Date: Monday, November 9, 2020
Session Type: Poster Session D
Session Time: 9:00AM-11:00AM
Background/Purpose: Kawasaki Disease (KD), a systemic vasculitis of unknown etiology, is now the leading cause of acquired heart disease in children in North America. Its reported incidence varies widely around the world. A recent pan-Canadian study utilizing hospital discharge data reported an unexpectedly high incidence of KD in Atlantic Canada. The primary goal of this study was to validate the finding of a high incidence of KD in an Atlantic Canadian province and review factors contributing to the frequency in our population.
Methods: Our study was a retrospective review of all patients less than 16 years of age from the province of Nova Scotia (NS) diagnosed with KD between July 2007 and June 2018. All children with KD in NS undergo echocardiography evaluated in one central location. We used the cardiology and discharge databases of the pediatric tertiary care center, and the provincial Medical Examiner database to identify patients with KD. Clinical information was collected by health record review using a standardized form following local ethics approval. The 2011 Canadian census population data were used to calculate incidence rates and determine the proportion of the population of Asian descent.
Out of the 309 possible KD cases that we identified, 220 residents of the province were diagnosed with KD during the study period. Exclusions are shown in Figure 1. Patients were included if they were treated for KD with IVIG (87%) or, if untreated, the physician diagnosed KD and obtained echo follow-up (13%). Cases where the physician subsequently doubted the diagnosis of KD were recorded. The annual incidence was 29.6, 13.9 and 1.6 per 100,000 children < 5 years, 5 to less than 10 years and 10 to less than 15 years, respectively (recurrence rate 1.8%). The male to female ratio was 1.3:1; the median age was 3.6 years (range 18 days-14.6 years). 61.4% and 23.2% met American Heart Association criteria for complete and incomplete KD, respectively. All patients diagnosed in the acute phase received IVIG; 12% of patients were refractory to the initial IVIG dose; 8% of treated patients received steroid and or biologic therapy. 14 (6%) developed a coronary artery aneurysm (CAA) during the disease course. One death from cardiac arrest occurred in a child with a large CAA with thrombosis. The proportion of our population of Asian descent was 1.25%.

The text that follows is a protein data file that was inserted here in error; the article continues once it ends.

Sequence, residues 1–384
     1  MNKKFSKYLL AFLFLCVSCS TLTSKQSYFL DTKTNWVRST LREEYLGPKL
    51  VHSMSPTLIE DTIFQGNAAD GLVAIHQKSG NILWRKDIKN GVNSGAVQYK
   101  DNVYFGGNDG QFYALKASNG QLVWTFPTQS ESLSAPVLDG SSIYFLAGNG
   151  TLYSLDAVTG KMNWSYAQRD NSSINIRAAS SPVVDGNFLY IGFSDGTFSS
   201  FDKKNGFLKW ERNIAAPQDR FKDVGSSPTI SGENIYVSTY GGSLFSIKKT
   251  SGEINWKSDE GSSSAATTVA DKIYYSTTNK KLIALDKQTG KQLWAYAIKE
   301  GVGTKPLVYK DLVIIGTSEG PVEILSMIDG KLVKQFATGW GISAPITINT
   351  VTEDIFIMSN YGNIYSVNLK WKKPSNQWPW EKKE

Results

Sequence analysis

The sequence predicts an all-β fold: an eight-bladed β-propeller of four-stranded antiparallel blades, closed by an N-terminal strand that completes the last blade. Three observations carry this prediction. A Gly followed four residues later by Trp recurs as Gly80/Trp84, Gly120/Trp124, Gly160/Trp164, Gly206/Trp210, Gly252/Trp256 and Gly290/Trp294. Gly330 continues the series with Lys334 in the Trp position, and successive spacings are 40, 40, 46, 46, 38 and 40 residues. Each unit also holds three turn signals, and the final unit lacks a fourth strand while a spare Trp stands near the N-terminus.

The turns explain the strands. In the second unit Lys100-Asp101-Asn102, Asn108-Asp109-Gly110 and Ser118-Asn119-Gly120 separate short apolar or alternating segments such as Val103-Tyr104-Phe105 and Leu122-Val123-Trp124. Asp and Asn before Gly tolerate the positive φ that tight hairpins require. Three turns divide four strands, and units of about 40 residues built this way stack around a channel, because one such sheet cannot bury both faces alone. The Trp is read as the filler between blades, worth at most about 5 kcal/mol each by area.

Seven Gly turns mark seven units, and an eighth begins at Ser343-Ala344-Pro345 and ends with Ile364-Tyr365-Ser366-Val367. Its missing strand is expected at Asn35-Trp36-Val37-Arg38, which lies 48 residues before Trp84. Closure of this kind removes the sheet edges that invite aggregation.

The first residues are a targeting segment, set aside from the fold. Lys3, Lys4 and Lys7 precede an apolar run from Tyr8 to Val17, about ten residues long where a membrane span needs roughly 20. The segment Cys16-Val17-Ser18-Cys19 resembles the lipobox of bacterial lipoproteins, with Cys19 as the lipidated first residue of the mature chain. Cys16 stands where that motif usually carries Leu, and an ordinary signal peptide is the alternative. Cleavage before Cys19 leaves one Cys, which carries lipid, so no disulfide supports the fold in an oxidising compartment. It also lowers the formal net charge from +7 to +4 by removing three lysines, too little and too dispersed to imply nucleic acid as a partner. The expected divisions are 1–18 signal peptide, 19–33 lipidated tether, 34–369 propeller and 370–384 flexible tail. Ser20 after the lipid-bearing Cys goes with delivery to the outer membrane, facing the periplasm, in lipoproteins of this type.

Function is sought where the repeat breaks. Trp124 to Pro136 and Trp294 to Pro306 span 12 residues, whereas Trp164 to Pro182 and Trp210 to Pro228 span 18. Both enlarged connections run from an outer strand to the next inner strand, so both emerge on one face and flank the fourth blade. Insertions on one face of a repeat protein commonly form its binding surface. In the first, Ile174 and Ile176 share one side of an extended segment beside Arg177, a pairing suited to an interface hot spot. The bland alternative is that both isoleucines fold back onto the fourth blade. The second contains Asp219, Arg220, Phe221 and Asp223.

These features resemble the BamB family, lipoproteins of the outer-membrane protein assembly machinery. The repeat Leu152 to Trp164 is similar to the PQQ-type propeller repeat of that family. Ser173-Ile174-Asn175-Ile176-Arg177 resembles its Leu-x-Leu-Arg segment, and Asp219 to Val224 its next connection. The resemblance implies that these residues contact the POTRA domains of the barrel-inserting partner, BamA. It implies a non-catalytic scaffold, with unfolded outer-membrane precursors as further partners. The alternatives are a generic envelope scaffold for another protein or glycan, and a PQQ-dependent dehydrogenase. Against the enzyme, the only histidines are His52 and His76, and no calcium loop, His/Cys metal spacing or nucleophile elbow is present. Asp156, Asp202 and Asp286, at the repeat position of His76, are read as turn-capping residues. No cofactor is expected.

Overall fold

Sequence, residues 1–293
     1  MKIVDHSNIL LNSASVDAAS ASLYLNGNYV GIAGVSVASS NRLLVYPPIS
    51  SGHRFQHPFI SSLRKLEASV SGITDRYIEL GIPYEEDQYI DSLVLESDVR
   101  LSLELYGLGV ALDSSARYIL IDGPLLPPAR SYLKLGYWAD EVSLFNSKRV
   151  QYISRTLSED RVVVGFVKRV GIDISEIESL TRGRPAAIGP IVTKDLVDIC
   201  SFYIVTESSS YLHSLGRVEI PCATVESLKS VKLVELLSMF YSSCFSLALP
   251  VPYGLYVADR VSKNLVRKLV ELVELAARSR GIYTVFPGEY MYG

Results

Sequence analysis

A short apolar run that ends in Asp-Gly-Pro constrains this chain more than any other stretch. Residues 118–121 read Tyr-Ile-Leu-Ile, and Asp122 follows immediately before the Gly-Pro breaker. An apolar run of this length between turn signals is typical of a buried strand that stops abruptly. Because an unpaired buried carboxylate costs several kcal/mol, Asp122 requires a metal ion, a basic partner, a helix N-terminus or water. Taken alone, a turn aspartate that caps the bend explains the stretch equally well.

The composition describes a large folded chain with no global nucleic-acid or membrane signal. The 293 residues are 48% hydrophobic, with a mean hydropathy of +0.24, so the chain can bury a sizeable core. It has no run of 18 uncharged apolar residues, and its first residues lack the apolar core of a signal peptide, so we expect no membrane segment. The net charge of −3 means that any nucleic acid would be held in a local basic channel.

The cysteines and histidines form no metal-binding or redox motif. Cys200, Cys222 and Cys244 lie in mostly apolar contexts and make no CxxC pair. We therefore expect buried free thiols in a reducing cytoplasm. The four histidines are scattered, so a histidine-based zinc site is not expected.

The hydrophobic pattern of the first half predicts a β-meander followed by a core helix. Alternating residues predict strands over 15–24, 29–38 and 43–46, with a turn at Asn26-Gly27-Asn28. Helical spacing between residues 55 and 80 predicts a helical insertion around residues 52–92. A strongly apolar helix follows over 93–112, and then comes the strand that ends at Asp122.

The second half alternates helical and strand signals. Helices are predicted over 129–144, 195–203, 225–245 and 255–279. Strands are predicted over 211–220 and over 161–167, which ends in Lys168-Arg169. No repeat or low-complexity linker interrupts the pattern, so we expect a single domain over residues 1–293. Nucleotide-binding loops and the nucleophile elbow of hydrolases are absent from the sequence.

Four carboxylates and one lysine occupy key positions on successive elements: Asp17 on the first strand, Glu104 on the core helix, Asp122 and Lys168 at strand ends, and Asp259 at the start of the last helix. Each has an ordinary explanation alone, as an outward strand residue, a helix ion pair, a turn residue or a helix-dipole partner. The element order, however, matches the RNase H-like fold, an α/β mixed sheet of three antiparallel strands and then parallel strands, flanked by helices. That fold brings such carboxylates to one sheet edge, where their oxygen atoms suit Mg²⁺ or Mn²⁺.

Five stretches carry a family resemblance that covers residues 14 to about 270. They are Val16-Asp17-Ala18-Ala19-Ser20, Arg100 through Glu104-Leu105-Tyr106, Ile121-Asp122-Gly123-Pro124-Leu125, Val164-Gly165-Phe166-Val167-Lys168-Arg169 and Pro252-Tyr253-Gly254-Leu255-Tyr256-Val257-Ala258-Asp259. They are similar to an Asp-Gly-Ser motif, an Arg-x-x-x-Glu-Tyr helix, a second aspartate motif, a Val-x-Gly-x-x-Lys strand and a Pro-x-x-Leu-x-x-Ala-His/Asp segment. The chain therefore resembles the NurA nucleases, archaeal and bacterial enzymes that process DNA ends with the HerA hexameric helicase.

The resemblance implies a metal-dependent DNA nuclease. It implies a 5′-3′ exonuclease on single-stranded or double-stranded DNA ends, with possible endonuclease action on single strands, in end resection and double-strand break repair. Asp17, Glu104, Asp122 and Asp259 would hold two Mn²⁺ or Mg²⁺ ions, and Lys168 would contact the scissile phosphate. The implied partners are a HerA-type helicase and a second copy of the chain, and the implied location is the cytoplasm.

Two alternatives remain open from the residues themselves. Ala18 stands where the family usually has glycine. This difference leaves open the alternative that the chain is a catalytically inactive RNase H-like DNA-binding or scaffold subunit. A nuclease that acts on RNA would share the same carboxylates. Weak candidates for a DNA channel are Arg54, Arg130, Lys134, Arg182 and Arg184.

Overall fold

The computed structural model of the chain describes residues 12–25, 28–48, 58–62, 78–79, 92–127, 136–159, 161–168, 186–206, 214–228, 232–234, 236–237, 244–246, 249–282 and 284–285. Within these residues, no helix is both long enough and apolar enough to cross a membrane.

Conclusion: We have confirmed a high incidence of KD in the specified Atlantic province. Other features of KD (age, sex, recurrence rate, IVIG resistance and CAA) are similar to previous studies. The incidence is higher than that reported in Europe and the United States (4.5-15 and 19 per 100,000 children < 5 years, respectively), similar to Canadian provinces with significantly higher proportions of the population of Asian descent (20-26 per 100,000 children < 5 years), and among the highest reported outside of Asia. Local population ethnicity does not explain our findings. Our comprehensive method to capture KD patients may have contributed to the detection of the higher than expected incidence, raising the possibility that the incidence of KD has been underestimated in other populations. The role of environmental and genetic factors also deserves further study.
To cite this abstract in AMA style:Alkanhal A, Saunders J, Altammar F, Huber A, Lynk A, MacLeod A, Ortiz-Alvarez O, Adams M, Ramsey S, Stringer E, Warren A, Lang B. Unexpectedly High Incidence of Kawasaki Disease in a Well-Characterized Population in Atlantic Canada [abstract]. Arthritis Rheumatol. 2020; 72 (suppl 10). https://acrabstracts.org/abstract/unexpectedly-high-incidence-of-kawasaki-disease-in-a-well-characterized-population-in-atlantic-canada-2/. Accessed November 26, 2020.
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ACR Meeting Abstracts - https://acrabstracts.org/abstract/unexpectedly-high-incidence-of-kawasaki-disease-in-a-well-characterized-population-in-atlantic-canada-2/